CRIMINAL LAW

Rule of ‘Issue Estoppel’

The Principle of ‘issue estoppel’ has its origin in Blair v Curran (1939) 62 CLR 464), last para of page 531 of Australian High Court decision and it is stated in following manner:

“A judicial determination directly involving an issue of fact or of law disposes once for all of the issue, so that it cannot afterwards be raised between the same parties or their privies. The estoppel covers only those matters which the prior judgment, decree or order necessarily established as the legal foundation or justification of its conclusion, whether that conclusion is that a money sum be recovered or that the doing of an act be commanded or be restrained or that rights be declared. The distinction between res judicata and issue- estoppel is that in the first the very right or cause of action claimed or put in suit has in the former proceedings passed into judgment, so that it is merged and has no longer an independent existence, while in the second, for the purpose of some other claim or cause of action, a state of fact or law is alleged or denied the existence of which is a matter necessarily decided by the prior judgment, decree or order. 

The supreme court has relied this principle in its various judgement. In case of Ravinder Singh vs Sukhbir Singh & Ors (Criminal Appeal No.-67 of 2013), the Supreme Court held following with regard to ‘Issue Estoppel’:

“18. The principle of issue-estoppel is also known as ‘cause of action estoppel’ and the same is different from the principle of double jeopardy or; autre fois acquit, as embodied in Section 403 Cr.P.C. This principle applies where an issue of fact has been tried by a competent court on a former occasion, and a finding has been reached in favour of an accused. Such a finding would then constitute an estoppel, or res judicata against the prosecution but would not operate as a bar to the trial and conviction of the accused, for a different or distinct offence. It would only preclude the reception of evidence that will disturb that finding of fact already recorded when the accused is tried subsequently, even for a different offence, which might be permitted by Section 403(2) Cr.P.C. Thus, the rule of issue estoppel prevents re-litigation of an issue which has been determined in a criminal trial between the parties. If with respect to an offence, arising out of a transaction, a trial has taken place and the accused has been acquitted, another trial with respect to the offence alleged to arise out of the transaction, which requires the court to arrive at a conclusion inconsistent with the conclusion reached at the earlier trial, is prohibited by the rule of issue estoppel. In order to invoke the rule of issue estoppel, not only the parties in the two trials should be the same but also, the fact in issue, proved or not, as present in the earlier trial, must be identical to what is sought to be re-agitated in the subsequent trial. If the cause of action was determined to exist, i.e., judgment was given on it, the same is said to be merged in the judgment. If it was determined not to exist, the unsuccessful plaintiff can no longer assert that it does; he is estopped per rem judicatam. (See: Manipur Administration, Manipur v. Thokchom, Bira Singh, AIR 1965 SC 87; Piara Singh v. State of Punjab, AIR 1969 SC 961; State of Andhra Pradesh v. Kokkiligada Meeraiah & Anr., AIR 1970 SC 771; Masud Khan v. State of U.P., AIR 1974 SC 28; Ravinder Singh v. State of Haryana, AIR 1975 SC 856; Kanhiya Lal Omar v. R.K. Trivedi & Ors., AIR 1986 SC 111; Bhanu Kumar Jain v. Archana Kumar & Anr., AIR 2005 SC 626; and Swamy Atmananda and Ors. v. Sri Ramakrishna Tapovanam and Ors., AIR 2005 SC 2392).”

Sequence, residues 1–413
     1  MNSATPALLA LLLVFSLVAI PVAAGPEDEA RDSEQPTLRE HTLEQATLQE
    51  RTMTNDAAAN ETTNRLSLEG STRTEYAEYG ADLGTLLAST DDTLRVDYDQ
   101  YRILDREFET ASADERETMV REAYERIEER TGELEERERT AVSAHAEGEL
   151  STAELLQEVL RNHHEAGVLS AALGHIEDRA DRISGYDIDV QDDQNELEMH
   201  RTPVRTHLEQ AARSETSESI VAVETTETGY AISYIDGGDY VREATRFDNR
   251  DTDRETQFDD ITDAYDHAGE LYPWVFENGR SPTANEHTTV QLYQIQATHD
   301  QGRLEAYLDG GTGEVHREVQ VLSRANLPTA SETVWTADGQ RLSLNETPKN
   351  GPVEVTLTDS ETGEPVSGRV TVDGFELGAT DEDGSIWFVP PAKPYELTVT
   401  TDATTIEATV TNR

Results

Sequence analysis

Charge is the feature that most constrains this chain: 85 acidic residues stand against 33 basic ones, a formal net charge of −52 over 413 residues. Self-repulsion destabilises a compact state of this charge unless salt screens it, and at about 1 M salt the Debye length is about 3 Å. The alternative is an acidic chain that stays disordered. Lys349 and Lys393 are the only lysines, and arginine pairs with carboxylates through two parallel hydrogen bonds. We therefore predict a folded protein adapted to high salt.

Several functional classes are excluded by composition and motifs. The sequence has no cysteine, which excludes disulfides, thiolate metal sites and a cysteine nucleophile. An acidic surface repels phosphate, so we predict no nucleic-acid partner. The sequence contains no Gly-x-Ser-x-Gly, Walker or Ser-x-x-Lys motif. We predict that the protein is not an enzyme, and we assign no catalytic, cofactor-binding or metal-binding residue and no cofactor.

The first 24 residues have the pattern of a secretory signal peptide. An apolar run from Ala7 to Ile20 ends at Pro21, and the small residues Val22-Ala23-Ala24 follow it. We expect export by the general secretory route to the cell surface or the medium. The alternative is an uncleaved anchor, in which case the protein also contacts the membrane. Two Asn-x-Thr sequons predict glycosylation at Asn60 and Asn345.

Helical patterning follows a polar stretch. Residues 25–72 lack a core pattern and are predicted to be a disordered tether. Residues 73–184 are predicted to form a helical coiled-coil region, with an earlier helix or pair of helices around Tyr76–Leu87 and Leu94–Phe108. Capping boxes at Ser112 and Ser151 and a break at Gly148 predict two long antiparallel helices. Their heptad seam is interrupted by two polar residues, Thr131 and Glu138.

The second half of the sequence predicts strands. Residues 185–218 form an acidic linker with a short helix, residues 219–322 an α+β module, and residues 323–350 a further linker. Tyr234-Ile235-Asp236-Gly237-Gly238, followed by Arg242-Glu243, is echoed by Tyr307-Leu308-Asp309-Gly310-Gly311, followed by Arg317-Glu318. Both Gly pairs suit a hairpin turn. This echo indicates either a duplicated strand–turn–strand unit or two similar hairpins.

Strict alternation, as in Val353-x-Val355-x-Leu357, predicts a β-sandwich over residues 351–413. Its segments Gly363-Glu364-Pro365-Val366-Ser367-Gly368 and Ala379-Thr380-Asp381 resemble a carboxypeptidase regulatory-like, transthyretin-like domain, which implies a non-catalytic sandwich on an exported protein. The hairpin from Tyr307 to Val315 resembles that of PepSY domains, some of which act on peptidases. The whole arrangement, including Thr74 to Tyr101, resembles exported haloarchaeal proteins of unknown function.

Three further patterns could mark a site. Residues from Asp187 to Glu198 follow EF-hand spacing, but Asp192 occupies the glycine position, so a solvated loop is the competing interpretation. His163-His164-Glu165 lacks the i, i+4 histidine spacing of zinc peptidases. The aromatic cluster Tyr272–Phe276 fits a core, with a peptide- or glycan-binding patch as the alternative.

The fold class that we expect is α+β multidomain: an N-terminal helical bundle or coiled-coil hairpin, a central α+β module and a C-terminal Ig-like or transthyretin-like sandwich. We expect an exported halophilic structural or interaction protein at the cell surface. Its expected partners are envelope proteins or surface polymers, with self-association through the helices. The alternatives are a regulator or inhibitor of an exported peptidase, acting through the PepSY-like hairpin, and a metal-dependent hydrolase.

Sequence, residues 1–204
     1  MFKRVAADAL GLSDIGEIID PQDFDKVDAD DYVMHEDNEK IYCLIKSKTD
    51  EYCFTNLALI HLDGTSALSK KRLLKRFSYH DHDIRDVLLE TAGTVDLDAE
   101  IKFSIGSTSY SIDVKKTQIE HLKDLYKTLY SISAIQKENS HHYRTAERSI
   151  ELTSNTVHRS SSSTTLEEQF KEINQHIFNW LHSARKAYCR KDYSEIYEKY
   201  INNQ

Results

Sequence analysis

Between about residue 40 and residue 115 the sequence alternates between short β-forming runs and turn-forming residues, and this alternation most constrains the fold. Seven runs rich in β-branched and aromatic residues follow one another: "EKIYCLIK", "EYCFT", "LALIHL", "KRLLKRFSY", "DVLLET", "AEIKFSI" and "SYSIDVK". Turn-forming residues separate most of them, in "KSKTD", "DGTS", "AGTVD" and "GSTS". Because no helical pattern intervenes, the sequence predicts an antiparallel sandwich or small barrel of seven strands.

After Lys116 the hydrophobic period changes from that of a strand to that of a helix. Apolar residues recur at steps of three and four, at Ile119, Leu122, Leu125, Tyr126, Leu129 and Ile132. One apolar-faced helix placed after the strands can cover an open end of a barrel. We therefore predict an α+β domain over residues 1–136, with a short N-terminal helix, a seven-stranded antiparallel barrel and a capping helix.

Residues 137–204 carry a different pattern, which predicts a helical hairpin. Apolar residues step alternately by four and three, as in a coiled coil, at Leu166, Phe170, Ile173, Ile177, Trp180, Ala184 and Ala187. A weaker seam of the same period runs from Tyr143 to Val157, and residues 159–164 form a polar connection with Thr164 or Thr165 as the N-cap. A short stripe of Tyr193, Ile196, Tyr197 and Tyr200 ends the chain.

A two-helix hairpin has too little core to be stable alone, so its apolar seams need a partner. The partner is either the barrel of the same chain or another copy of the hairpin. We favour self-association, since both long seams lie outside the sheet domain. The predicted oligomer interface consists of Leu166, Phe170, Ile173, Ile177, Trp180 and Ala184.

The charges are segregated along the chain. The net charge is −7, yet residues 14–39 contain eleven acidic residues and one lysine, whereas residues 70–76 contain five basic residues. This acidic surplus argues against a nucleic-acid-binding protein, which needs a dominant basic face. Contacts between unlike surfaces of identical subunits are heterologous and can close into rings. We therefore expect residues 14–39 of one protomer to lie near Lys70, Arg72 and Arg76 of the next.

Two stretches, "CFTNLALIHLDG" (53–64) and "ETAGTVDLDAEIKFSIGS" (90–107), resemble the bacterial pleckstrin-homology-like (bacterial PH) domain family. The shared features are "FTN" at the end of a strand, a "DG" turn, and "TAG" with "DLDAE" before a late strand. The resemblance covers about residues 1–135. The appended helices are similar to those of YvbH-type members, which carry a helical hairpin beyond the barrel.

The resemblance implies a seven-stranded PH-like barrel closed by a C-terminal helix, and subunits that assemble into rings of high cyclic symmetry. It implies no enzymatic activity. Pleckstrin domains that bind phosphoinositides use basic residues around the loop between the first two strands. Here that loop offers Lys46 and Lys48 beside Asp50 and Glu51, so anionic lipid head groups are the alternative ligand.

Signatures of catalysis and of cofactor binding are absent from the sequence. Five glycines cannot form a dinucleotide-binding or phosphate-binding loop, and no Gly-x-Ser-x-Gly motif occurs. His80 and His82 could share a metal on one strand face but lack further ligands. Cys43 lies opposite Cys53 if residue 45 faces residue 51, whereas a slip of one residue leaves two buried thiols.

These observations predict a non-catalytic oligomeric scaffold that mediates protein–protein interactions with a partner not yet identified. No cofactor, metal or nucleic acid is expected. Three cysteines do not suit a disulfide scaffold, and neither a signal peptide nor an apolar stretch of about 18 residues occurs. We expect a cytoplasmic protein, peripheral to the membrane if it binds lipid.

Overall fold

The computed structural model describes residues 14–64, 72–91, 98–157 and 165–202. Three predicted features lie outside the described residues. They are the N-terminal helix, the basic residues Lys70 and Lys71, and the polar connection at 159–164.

(Emphasis Supplied)

Issue Estoppel Vs. Cause of Action Estoppel

In case of Hope Plantations Ltd vs Taluk Land Board Peermade & Anr, Appeal Civil 540 of 1986, the supreme court differentiated between issue and cause of action estoppel in following manner: